But this seahorse was not a dangerous beast. It could get along with other animals and the gods. It also aided drowning seamen or sea travelers that had encountered troubles in the sea.
The Hippocampus carries many significant values and symbolisms. It represents good omen, bravery, freedom, humility, helpfulness, bravery, and strength.
11. Mares of Diomedes
These four horses were Xanthos, Podargos, Deinos, and Lampon. Diomedes fed these horses with human flesh, making them violently thirsty for blood and human flesh.
Another myth also proposed that the Mares of Diomedes were savage creatures that could breathe fire. They were also tied to a bronze manger.
In the Labours of Heracles, he received an order from King Eurystheus to steal these mares. He didn’t know that these horses were hard to control until he fed them with human meats.
Another version also stated that Heracles came with a group of men to steal these horses. Then, he left the horses with his companion, Abderus, before continuing his mission to fight Diomedes.
There’s also another theory that proposed Tianma wasn’t actually a horse. It was actually a giant flying dog with a black head that lived on a mountain.
13. Four Horses of Lord Krishna
Each horse is different from one another. The first horse known as Saibya is green. The second horse called Sugriva has whitish-gray or yellowish-golden skin.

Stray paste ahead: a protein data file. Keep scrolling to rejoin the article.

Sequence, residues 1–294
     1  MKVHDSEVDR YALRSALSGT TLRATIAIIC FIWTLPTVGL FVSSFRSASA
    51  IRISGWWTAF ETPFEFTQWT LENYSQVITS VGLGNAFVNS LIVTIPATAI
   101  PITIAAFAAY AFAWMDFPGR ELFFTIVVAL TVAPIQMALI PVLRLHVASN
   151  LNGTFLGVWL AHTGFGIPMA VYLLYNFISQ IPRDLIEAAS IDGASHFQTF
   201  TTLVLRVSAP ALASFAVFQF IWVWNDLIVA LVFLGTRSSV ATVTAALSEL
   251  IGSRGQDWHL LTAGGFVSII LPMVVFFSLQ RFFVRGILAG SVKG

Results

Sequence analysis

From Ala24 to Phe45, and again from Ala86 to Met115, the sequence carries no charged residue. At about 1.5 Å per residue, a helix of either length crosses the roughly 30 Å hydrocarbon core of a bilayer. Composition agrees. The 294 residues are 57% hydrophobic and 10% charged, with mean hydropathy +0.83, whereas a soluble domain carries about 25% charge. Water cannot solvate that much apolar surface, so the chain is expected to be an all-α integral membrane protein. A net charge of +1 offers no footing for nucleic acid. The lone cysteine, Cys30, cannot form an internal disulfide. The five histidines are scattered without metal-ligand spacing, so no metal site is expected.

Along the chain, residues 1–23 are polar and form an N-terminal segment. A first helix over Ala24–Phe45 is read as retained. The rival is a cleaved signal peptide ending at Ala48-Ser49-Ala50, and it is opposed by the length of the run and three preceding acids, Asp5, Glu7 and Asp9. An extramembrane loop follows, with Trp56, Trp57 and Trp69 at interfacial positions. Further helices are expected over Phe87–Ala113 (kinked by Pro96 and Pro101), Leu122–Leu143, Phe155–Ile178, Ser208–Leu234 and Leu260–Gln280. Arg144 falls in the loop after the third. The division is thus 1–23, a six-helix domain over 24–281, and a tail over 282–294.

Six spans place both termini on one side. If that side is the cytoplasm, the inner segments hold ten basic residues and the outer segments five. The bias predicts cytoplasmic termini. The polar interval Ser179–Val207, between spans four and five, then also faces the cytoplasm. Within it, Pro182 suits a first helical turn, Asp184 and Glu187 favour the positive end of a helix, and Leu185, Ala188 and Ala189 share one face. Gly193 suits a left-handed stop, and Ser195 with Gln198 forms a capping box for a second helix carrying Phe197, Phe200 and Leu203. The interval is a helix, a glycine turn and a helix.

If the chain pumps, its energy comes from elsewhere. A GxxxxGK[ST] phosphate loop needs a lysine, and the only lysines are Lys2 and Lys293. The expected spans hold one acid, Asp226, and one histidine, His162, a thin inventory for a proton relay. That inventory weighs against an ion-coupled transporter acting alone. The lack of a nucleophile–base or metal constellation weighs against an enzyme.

Meanwhile, the third horse known as Meghapuspa has whitish-blue skin similar to clouds. Finally, the fourth horse called Balahaka has an ashen body.
In the Indian epic Mahabharata, one of the heroes named Arjuna also rode the chariot alongside Krishna.
Sleipnir is a powerful horse owned by the Norse god, Odin. In the Old Norse language, Sleipnir means slippery, slides, or glides.
Due to its enormous size, only Odin and a few shamans managed to ride this horse. Sleipner was also known as the fastest horse in Norse mythology.
It could travel on any terrain to any place in the blink of an eye! Hence, Sleipner symbolizes the wind.
Sleipner was born when Loki changed his shape into an attractive mare and mated with a stallion named Svaoilfari. Another myth also stated that Sleiper had a descendant named Grani.
A scholar named Wan Fu from the Han Dynasty proposed that Longma was actually a dragon with a horse’s head and a snake’s tail. However, ancient Chinese belief also said that Longma carried a good omen to anyone that might have seen it.
In Chinese folklore, there were a few other mythical creatures that could have some connections to Longma.
These include the heavenly horse “Tianma”, a dragon-like creature known as “Qilin”, the white dragon-horse “Wulong”, and one of the sage rulers that belonged to the Three Sovereigns and Five Emperors.
Although different mythologies have portrayed their own form of horses, most of these mythical horses share symbolized similar meanings and values across all fables. These include strength, honor, bravery, resiliency, and many more.
To this day, people still perceive horses as exquisite yet formidable animals. Just look at one of the top luxury car manufacturers in this world, Ferrari.
They chose the horse as their company’s official logo!